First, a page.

I got to thinking about story in RPGs after reading the Hack & Slash analysis of O Glossary entries at the Forge. Specifically, of interest is the idea of “Ouija Board Roleplaying”. The idea evolves out of the belief at the Forge that one must prioritize and create story intentionally for it to occur in roleplaying. Edwards et al would go on to claim that players in Simulationist play (defined by them as play that prioritizing exploration), especially those who who concentrate on exploring a world as is the case in most OSR influenced games were expecting story to simply emerge which, according to them, was impossible.
While the analysis does skewer the issue appropriately I think it misses something crucial. It’s conclusion gives a key to this:
The entire category is a strawman, because there is not a single actual real world instantiation of his example. People aren’t sitting around tables, and rolling them, waiting for an interesting occurrence, they are playing a game, and characters, and it’s those interactions that create something special.
I would argue in sandbox and other OSR playstyles we are in fact waiting for interesting occurrences. In fact waiting for interesting occurrences as opposed to having them fixed in place as much happen items is one of the defining characteristics of sandboxes and other open play forms (another mistake I think he makes but that’s a quibble, a sandbox is always open play but not vice versa).
What is confused here is that story, or better yet narrative, is not restricted to fiction. In fiction, narrative is a planned thing. The author chooses which events occur in the fictional universe. If the author chooses it to happen it happens and until he inserts it into the story it hasn’t even happened. We may presume Harry Dresden eats every night at Burger King but until Jim Butcher inserts a visit to BK by Harry it hasn’t happened. Remember our ability to insert such events because they create an interesting symmetry later.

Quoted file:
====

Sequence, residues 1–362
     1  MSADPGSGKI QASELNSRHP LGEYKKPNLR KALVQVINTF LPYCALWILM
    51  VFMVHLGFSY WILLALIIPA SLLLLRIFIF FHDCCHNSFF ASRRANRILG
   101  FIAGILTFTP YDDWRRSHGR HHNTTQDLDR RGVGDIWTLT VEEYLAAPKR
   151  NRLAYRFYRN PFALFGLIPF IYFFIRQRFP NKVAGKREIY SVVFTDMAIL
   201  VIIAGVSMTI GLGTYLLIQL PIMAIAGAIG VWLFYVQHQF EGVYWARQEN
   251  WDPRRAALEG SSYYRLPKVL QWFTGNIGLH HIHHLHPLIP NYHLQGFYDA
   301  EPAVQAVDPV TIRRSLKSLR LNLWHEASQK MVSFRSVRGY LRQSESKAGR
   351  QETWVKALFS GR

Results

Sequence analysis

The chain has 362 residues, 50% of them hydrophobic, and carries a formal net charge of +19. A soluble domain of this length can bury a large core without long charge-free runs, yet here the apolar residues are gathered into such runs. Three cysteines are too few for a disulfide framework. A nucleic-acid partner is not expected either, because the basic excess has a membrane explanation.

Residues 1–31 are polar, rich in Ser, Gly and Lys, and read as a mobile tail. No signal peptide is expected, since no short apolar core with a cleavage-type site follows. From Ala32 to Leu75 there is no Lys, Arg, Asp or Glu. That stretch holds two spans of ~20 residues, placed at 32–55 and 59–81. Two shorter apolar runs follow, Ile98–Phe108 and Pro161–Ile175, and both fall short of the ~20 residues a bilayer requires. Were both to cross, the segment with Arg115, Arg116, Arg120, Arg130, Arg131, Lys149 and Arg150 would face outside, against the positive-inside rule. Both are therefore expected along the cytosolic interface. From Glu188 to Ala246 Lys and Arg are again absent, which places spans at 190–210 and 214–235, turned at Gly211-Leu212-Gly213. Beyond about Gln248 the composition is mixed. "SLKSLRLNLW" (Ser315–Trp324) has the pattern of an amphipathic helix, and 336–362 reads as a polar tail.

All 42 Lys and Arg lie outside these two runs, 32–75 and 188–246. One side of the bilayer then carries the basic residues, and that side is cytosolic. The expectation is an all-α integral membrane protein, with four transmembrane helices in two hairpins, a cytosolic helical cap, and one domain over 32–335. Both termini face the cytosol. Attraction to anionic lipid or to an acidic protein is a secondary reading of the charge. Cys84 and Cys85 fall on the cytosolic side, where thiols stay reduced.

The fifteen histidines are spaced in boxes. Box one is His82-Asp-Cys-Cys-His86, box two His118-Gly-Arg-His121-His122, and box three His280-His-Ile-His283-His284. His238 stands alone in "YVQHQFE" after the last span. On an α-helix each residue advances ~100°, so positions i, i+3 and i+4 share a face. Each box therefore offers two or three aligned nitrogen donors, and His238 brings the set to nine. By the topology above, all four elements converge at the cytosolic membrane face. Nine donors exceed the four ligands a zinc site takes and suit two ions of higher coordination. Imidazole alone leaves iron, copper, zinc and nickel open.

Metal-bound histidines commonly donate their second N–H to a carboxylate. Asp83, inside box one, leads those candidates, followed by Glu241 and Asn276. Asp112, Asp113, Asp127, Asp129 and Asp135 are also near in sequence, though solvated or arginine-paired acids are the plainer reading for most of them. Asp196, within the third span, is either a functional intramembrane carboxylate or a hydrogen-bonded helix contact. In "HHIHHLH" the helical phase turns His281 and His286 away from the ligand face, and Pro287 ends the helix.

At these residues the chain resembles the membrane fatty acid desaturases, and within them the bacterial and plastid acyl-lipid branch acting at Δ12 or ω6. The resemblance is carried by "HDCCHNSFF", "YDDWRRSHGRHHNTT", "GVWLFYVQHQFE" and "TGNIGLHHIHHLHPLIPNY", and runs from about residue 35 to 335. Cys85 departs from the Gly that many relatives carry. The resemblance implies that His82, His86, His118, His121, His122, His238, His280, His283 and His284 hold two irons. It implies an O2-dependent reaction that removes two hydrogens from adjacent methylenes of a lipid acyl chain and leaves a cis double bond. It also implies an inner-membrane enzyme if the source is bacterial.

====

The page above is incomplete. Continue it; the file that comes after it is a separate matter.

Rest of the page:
In contrast, a memoir constructs a narrative out of a set of pre-existing events. A person takes everything they’ve experienced in their life and selects a series of events that tells the story of their life. Biography does the same thing but the process is done by someone else. Journalism and history can also be done this way. Shelby Foote’s history of the Civil War is not groundbreaking in the sense that Foote perused primary sources to create a unique history of the war. Foote worked strictly from secondary sources but created a narrative version of the war. Foote’s success is not in finding new facts but creating a coherent story that organized facts about the war.
That is what Edward’s misses in what he calls simulationist play. Players in these games are living parts of the life of their characters. Story emerges not because the people at the table are co-authors creating a story in the fictional sense. Instead, they are individuals who, after the fact, create memoirs of their characters’ lives. This is how story “magically” emerges during play. People look at the events they experience, decide which are important, and arrange them into a story. In the broader sense the game can be seen as creating history which I think is what -C is after when he talks about things like motivations for NPCs and external events. However, in saying we’re not waiting for interesting events I think -C goes a few degrees off target. As he points out we create interesting interactions but we only know which ones are memorable and important (those part of the story) after the fact.
I think the problem many people have with this concept of story emerging from play is its lack of uniqueness. If we view the emerging story from play as memoir constructed by each player then Osric the Fighter will tell a different story that Mallamabar the Druid and both will be different from the story of Ian Lee the Monk. This maps very well to my experience. Ask all your players to summarize what happened last session separately and you will get roughly the same story but some will include parts omitted in others and the emphasis of common parts will be different. If your goal is literary story via play you won’t get the Lord of the Rings. You will, however, get the first three volumes of Durrell’s Alexandria Quartet.
Note: When I first posted this I forgot about the interesting symmetry I pointed out in the fiction example: We call also take fiction and back fill the other details. This is what much of fandom is about, filling in the non-story details that interest us or move the story closer to the one we want told.